Even though domestic violence had been implicitly and then officially illegal, in reality there were no mechanisms through which abused women could seek legal reparations in the 20th century.
The first form of legal defense for victims of domestic violence appeared in the 2001 amendment to the Second Marriage Law.
Domestic violence is legally defined in Article 2 of the Domestic Violence Law of 2015 as "physical, psychological or other infractions between family members effected through the use of methods such as beatings, restraints, maiming, restrictions on physical liberty as well as recurrent verbal abuse or intimidation." Historically, Chinese families followed a hierarchical structure in which the husband had authority over most household decisions.
This patriarchal ordering has its roots in Confucianism, which establishes codes of conduct for women that typically place her below the husband.
In a 2008 meta-study of various studies on IPV, 19.7% of women were found to have experienced violence by their male partners at some point, while 16.8% of women experienced violence in the past year.
Similarly, approximately 10% of women had experienced sexual violence at some point in their life, while 5.4% of women experienced sexual violence in the past year.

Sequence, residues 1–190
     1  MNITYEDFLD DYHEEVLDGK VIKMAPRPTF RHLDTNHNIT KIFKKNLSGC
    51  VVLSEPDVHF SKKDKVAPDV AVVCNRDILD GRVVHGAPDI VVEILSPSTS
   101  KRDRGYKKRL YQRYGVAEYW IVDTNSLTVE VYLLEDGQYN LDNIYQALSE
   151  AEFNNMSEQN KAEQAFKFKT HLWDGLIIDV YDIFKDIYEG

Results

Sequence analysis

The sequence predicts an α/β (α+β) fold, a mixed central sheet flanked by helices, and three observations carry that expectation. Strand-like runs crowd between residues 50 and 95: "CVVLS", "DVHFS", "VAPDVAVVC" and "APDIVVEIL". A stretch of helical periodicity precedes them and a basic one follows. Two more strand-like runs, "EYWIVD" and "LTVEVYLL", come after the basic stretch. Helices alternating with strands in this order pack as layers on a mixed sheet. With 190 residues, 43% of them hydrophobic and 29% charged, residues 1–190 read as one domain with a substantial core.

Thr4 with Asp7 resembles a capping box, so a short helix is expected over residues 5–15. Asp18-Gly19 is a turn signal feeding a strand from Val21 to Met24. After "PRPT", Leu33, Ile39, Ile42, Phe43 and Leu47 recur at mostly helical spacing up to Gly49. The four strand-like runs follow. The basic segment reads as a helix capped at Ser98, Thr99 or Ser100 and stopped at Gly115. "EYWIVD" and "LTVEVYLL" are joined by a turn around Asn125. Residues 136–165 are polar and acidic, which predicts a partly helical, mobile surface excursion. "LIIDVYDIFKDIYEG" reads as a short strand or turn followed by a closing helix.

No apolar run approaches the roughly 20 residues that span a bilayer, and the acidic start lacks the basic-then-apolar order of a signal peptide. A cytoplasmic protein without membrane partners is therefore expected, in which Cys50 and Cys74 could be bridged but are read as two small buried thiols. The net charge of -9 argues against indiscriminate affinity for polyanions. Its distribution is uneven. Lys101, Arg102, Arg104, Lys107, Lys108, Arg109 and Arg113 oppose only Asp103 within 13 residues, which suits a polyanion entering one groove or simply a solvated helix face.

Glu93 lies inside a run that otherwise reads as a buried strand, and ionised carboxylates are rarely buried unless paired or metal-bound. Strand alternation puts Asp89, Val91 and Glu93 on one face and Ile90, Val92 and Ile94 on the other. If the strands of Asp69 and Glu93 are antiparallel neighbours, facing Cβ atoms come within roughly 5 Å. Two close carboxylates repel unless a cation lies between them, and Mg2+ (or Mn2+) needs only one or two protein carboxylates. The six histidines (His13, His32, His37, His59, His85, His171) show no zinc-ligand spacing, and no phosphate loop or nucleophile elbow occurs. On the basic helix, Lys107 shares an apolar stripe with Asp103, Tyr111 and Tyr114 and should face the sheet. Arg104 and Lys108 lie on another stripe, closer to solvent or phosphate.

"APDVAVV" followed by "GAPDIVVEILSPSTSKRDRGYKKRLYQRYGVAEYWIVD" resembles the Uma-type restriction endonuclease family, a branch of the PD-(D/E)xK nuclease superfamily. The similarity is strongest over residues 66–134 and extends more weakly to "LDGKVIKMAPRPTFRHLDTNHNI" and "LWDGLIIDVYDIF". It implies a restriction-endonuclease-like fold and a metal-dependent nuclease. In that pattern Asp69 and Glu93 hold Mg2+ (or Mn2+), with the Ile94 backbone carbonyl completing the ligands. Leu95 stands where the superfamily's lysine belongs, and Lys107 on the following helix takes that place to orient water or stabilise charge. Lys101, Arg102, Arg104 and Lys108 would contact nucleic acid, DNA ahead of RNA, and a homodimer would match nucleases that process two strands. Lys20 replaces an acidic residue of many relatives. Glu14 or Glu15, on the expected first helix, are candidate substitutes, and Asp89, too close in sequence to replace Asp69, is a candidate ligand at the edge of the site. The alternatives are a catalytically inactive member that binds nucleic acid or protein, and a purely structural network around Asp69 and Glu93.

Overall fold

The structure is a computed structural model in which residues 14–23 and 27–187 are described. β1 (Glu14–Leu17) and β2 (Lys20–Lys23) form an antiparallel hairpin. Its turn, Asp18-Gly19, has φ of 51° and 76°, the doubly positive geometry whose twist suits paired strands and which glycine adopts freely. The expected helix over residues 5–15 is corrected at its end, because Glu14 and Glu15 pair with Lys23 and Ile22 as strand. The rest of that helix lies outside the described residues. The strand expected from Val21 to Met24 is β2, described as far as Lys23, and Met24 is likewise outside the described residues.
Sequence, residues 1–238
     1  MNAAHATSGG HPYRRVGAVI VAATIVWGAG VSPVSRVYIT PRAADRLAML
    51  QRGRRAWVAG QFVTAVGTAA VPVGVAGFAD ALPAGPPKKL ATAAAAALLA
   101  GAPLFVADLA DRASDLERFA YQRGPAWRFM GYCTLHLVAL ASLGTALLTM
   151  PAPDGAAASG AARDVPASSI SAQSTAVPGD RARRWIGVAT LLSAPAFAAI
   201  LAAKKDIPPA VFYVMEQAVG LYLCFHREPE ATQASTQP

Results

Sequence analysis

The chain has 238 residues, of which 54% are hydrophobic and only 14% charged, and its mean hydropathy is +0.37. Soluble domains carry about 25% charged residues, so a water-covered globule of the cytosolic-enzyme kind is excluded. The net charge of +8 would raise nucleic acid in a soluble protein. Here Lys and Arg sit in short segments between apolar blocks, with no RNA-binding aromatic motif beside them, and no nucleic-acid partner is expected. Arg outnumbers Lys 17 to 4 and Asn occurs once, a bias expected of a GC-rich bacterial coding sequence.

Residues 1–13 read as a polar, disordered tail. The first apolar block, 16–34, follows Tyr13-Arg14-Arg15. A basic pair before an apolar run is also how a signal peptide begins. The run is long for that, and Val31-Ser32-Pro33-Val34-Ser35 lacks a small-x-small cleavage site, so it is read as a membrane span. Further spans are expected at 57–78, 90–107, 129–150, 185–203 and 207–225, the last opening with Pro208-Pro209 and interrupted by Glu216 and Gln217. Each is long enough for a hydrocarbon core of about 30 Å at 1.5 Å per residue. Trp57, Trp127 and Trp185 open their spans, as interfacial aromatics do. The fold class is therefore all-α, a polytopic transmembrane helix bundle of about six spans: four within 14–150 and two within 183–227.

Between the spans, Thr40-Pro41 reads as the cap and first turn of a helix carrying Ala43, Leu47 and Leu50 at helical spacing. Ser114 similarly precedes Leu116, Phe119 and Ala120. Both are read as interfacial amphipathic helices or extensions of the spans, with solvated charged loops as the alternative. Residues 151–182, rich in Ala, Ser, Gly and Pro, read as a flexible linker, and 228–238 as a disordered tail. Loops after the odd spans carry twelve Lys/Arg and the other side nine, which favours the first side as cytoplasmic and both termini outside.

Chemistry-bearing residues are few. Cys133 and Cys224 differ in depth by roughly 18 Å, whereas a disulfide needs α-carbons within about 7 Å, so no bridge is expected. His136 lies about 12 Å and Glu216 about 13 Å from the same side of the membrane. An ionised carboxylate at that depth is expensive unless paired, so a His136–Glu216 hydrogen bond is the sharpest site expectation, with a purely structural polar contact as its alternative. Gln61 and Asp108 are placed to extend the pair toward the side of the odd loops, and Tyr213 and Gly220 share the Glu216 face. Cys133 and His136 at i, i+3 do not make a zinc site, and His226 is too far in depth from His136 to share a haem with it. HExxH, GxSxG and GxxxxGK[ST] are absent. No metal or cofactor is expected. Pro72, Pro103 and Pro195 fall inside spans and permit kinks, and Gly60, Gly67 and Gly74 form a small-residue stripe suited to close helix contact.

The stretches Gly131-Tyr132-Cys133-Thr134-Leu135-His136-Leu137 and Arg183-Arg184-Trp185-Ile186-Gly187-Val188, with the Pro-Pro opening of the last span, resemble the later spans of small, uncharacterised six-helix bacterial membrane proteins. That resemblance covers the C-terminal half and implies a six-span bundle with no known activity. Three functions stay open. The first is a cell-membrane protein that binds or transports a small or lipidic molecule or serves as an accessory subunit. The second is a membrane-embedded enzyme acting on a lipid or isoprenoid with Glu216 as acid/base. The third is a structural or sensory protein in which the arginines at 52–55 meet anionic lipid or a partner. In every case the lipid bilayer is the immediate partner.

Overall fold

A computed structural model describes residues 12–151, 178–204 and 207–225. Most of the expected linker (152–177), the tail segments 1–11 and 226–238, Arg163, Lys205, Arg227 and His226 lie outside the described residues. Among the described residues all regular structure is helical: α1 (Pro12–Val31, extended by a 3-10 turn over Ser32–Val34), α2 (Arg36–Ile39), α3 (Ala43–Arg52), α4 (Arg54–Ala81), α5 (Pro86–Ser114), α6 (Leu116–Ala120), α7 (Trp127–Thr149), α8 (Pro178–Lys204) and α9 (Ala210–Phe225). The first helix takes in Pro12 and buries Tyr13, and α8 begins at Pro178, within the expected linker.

Intimate partner violence (IPV) by the man is the most common type of domestic violence in China: a 2005 American Journal of Public Health report found that 1 out of 5 Chinese women had experienced physical violence from their partner in the past year.In a judicial interpretation of the law, the Supreme People's Court legally defined domestic violence as "behavior towards a family member that results in injurious consequences physically, emotionally, or in other ways by 'beating, tying up, injuring, forcibly restricting one's personal freedom, or by other means.'" The 2005 amendments to the Women's Protection Law affirmed the steps taken in the Marriage Law amendments.In particular, the amendments to the Women's Protection Law took it one step forward and explicitly stated in Article 46 that "Domestic violence against women is prohibited." While violence against women is the most common manifestation of domestic violence, it is not the only form.A study of Hong Kong minors in May 1998 found that 52.9% of Chinese families experienced instances of minor violence (throwing objects, pushing, slapping) against children, and 46.1% of Chinese families experienced instances of severe violence (kicking, punching, threatening or beating with a weapon).The Hong Kong study further found that children aged 3–6 were most likely to suffer from child abuse, and boys were more likely to suffer from severe violence by their parents than girls.